Goes for quantity of content published rather than quality. Feels good the more content he is able to "re-publish". Is unhappy when there is little or no content coming in to "curate". The effort / goal is clearly toward quantity, persistence and volume rather than on quality, timing and precision perspective.
Is in for the time-saving benefits, the amazing ease of doing it and the super-short time-to-publish. Nothing wrong for having those desires. Let's just not call them "curation". Time-saving publishing and "content curation" are actually at the opposite extremes of the same continuum. There can't be no curation when the key goal is to publish "quality" content in the shortest time possible.
Utilizes very broad newsradar titles often integrating two or more wide topics instead of a specific one.
Lacks specific, strong focus. Approaches curation as mass media broadcasting, with the idea of trying to capture the widest and broadest audience possible.
As a consequence of his "broad focus" lacks awareness of which tribe he / she is communicating to, and is therefore unable to use a consistent language, or one that has strong affinity with the "tribe" being served.
Lacks a personal "voice". Does not add, comment or write. When he does he does so informally and without making his personal style and views influence it.
Lacks of opinion, viewpoint. Does not take a position. Acts as a ticketmaster at a movie theater. Takes no risks, and doesn't make string comments. Likes to think he is an "objective", detached "selector" of the best content passing in front of him.
Lacks ability to synthesize the key parts of a curated content. Makes no effort to facilitate the emergence of core ideas, concepts and factual information from the content he curates.
Lacks a unifying, constant, coherent language. The one that he uses is mostly borrowed from the curated content itself.
I think this recent article by Forbes clearly highlights the driving force and mentality behind the idea of curation as a smart alternative to blogging and as a shortcut to achieve SEO visibility, traffic and reputation-authority with minimum efforts and time.
Winning The SEO Battle Through Content Curation
by Pawan Deshpande - HiveFire
On the opposite side stands this excellent video introduction to the type of "curation" I like to talk about, which clearly explains the difference between those who collect, republish and re-share existing content, and those who take existing content and "curate" it to generate new, additional meaning and value from it, on very specific topics.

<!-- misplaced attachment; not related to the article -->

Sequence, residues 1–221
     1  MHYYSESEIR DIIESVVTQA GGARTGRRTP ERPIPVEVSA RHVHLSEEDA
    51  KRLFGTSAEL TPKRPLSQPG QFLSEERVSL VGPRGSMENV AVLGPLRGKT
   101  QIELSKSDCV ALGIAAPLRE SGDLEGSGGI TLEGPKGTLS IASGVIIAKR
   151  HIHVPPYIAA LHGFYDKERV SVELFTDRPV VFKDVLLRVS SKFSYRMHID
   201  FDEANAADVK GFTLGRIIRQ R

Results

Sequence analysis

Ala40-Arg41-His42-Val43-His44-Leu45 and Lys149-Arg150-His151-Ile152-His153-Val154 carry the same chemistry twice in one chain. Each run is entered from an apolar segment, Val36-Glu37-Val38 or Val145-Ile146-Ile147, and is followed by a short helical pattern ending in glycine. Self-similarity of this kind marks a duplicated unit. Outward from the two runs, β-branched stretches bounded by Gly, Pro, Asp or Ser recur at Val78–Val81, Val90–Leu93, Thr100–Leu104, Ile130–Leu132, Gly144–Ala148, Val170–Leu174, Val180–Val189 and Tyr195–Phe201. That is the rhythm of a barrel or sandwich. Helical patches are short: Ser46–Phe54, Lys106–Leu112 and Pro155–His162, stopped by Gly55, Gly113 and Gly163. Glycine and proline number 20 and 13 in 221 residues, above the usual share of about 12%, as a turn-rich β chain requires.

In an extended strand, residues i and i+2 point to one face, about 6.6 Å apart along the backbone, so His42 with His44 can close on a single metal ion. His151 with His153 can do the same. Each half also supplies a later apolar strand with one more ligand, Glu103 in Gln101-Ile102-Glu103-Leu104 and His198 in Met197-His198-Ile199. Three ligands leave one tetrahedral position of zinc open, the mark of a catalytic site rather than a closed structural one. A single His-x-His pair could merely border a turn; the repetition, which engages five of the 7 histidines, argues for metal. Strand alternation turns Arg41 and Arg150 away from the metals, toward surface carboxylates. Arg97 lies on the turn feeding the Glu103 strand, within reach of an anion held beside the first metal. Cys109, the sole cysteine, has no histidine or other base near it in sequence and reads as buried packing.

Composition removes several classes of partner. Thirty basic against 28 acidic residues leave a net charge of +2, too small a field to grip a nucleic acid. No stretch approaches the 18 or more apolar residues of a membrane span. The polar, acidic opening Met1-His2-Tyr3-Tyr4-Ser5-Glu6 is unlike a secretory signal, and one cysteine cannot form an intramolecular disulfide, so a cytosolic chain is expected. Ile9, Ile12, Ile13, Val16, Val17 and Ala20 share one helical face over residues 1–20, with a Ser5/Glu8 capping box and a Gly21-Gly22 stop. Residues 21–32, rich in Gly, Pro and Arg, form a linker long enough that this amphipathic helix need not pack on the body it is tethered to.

Why Curation? by Idiocreative
Finally a word on "scoring systems" that attempt to help readers identify supposedly better curation work.
I am very skeptical that any such system can work, especially when the criteria it utilizes are kept secret, and when some of the users of the system have access to them.
My advice is this: Beware of any system that attempts to “score” or rank your curation work unless it transparently states the criteria and formulas it uses. Use your head to look at any curator's work and evaluate personally its usefulness and ability to satisfy appropriately your information needs.
Most of the reputation scoring systems now available online, tend to measure some parts of your activity and engagement online, with mixed results.
In my humble opinion the only reputation system that has any value today is the public endorsement by other people, stating specifically why they do appreciate your work.
It's easy to get thousands of followers, likes or shares, if like it is the case today, there are tons of people wanting to game such systems and many services selling such things for very low prices.
On the other hand it is very, very hard to get someone that is reputable and respected to openly endorse someone else unless he/she has good very good reasons and motives to do so. The risk is in fact evident, as providing easy endorsements to people or work that is not of true value will only lower anyone's credibility and reputation. And you can't use or buy fake endorsements as even if you did, they are worth nothing.
I look forward to social networks and curation tools to embrace more credible approaches to authority and reputation scoring soon.
Originally written and curated by Robin Good and first published on MasterNewMedia on November 4th 2011 as "What Makes A Great Curator Great? How To Distinguish High-Value Curation From Generic Republishing".